Welcome to a buyer's guide to franchising. I'm John Usher, a second generation franchisee with more than 25 years experience in the franchise industry. I'm also an attorney, who not too surprisingly, focuses on franchise matters. I've owned and operated multiple franchise brands. I've bought existing franchise units. I've built units, I've sold units, and I've even closed some units. Like the insurance company that says, "we know a thing or two because we've seen a thing or two," I know a franchise thing or two because I've seen, and done, a franchise thing or two.

Over my time as a franchisee, I've seen way too many people, practically everyone, enter into long-term contracts without understanding exactly what they signed up for. FDD sounds kind of innocent. I think it's safer to not refer to the documents as an FDD, but call it what it is: a long-term contract. To reinforce this point, I sometimes say FDD stands for framework designed to deceive. Now, this may seem a little harsh, but it's important to always remember the documents are created for only one purpose, and that is to benefit the franchisor. Contracts are fine, until there's a problem.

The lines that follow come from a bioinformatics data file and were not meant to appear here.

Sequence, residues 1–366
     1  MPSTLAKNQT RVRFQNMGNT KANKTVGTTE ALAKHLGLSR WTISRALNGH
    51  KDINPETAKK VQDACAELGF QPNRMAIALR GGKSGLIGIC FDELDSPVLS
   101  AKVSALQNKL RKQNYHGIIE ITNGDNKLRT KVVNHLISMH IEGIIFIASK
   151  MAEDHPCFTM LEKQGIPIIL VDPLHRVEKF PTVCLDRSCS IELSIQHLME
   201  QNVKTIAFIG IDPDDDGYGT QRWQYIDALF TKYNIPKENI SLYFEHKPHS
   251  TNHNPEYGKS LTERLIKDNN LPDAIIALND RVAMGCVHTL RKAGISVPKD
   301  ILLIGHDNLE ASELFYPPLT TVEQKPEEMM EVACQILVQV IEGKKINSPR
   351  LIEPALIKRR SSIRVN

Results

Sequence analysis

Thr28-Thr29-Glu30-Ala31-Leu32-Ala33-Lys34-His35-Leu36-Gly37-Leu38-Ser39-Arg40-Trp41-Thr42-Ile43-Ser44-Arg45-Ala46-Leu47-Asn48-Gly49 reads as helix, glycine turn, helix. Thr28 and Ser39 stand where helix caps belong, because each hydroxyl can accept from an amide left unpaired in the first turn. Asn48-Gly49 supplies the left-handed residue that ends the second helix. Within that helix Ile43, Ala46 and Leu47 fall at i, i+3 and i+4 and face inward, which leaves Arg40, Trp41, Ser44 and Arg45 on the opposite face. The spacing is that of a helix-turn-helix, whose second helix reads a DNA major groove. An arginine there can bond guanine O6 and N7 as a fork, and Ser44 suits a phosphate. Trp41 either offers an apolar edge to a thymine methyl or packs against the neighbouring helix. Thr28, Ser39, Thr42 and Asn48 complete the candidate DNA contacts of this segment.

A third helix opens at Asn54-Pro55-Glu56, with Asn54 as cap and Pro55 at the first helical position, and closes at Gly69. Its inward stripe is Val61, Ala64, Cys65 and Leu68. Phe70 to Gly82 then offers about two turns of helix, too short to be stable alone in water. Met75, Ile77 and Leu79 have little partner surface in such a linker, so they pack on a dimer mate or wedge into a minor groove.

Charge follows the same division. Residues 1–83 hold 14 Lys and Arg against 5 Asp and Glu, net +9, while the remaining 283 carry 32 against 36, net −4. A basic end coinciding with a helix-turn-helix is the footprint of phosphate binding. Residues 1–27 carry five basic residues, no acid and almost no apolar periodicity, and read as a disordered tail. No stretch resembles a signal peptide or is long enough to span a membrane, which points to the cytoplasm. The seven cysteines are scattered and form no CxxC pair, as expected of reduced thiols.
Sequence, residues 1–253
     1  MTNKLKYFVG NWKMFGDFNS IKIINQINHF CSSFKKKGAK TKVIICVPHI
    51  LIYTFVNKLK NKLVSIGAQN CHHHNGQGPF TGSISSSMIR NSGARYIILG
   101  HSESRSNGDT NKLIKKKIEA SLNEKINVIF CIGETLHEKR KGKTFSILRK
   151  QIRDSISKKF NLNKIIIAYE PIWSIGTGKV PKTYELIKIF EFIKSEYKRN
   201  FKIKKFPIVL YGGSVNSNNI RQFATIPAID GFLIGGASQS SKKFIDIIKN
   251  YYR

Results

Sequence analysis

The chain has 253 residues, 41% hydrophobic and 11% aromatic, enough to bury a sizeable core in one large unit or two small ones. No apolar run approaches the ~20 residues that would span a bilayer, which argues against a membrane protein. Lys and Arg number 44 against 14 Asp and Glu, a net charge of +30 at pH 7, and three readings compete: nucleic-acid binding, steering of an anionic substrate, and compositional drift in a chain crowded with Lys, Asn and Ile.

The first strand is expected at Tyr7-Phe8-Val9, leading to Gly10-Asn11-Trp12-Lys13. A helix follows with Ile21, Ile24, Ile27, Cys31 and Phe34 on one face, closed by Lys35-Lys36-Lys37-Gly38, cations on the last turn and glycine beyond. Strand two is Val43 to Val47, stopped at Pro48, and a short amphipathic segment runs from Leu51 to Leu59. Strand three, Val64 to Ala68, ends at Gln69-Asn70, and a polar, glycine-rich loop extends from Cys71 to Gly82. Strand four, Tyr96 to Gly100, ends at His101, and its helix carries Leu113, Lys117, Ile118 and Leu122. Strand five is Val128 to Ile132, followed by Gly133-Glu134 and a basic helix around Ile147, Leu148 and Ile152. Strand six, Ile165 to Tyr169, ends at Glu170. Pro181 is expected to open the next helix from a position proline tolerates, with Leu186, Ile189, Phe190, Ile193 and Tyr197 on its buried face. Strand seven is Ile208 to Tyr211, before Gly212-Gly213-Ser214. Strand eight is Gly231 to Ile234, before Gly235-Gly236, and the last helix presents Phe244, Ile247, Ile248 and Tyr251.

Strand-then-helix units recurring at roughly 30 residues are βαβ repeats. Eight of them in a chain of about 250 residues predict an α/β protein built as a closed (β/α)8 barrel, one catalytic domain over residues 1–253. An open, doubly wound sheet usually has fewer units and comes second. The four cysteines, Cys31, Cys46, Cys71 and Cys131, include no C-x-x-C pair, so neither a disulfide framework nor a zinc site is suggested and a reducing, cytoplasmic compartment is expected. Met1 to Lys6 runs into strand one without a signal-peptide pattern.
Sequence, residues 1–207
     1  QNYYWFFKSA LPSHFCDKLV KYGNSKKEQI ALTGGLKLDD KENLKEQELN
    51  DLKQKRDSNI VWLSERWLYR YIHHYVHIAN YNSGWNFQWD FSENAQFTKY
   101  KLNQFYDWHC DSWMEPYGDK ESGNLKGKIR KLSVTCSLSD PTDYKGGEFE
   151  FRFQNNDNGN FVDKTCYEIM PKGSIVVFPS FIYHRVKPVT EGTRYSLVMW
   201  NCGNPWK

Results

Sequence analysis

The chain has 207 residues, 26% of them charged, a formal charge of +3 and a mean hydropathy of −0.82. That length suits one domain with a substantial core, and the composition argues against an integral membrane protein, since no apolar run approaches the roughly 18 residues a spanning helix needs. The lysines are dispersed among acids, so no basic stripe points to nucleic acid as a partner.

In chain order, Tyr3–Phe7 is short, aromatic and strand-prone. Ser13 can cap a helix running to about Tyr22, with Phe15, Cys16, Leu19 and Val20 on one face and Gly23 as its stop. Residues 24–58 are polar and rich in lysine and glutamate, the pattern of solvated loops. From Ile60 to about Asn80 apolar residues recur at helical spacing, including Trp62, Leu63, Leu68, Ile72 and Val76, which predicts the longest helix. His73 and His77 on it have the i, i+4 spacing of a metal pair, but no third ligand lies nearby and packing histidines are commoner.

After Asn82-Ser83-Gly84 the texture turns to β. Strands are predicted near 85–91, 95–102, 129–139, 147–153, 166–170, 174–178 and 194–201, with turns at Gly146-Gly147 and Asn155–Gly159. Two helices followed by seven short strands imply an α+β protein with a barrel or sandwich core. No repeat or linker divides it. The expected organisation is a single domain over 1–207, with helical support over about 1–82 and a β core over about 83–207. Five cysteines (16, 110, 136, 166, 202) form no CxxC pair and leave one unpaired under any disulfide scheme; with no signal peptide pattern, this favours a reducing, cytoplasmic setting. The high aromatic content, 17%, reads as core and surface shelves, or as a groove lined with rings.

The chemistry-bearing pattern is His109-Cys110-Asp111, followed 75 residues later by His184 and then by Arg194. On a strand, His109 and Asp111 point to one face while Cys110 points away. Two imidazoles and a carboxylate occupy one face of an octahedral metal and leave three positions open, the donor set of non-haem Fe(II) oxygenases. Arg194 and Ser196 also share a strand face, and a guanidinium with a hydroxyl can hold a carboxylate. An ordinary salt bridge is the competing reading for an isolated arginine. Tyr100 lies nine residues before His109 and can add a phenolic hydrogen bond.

Most franchisees never look at their FDD after they sign the documents. It only gets a review when a problem arises. Unfortunately, as you will see, that's just too late. The only time you can really help yourself is before you sign. I created this presentation as a quick overview to fdds, because I think it is so important for people to be better informed when they make their franchise decisions. I hope you find the presentation enlightening. If you have a question regarding franchising, you can ask by going to my website, at www.usherlawfirm.com. Let's get informed.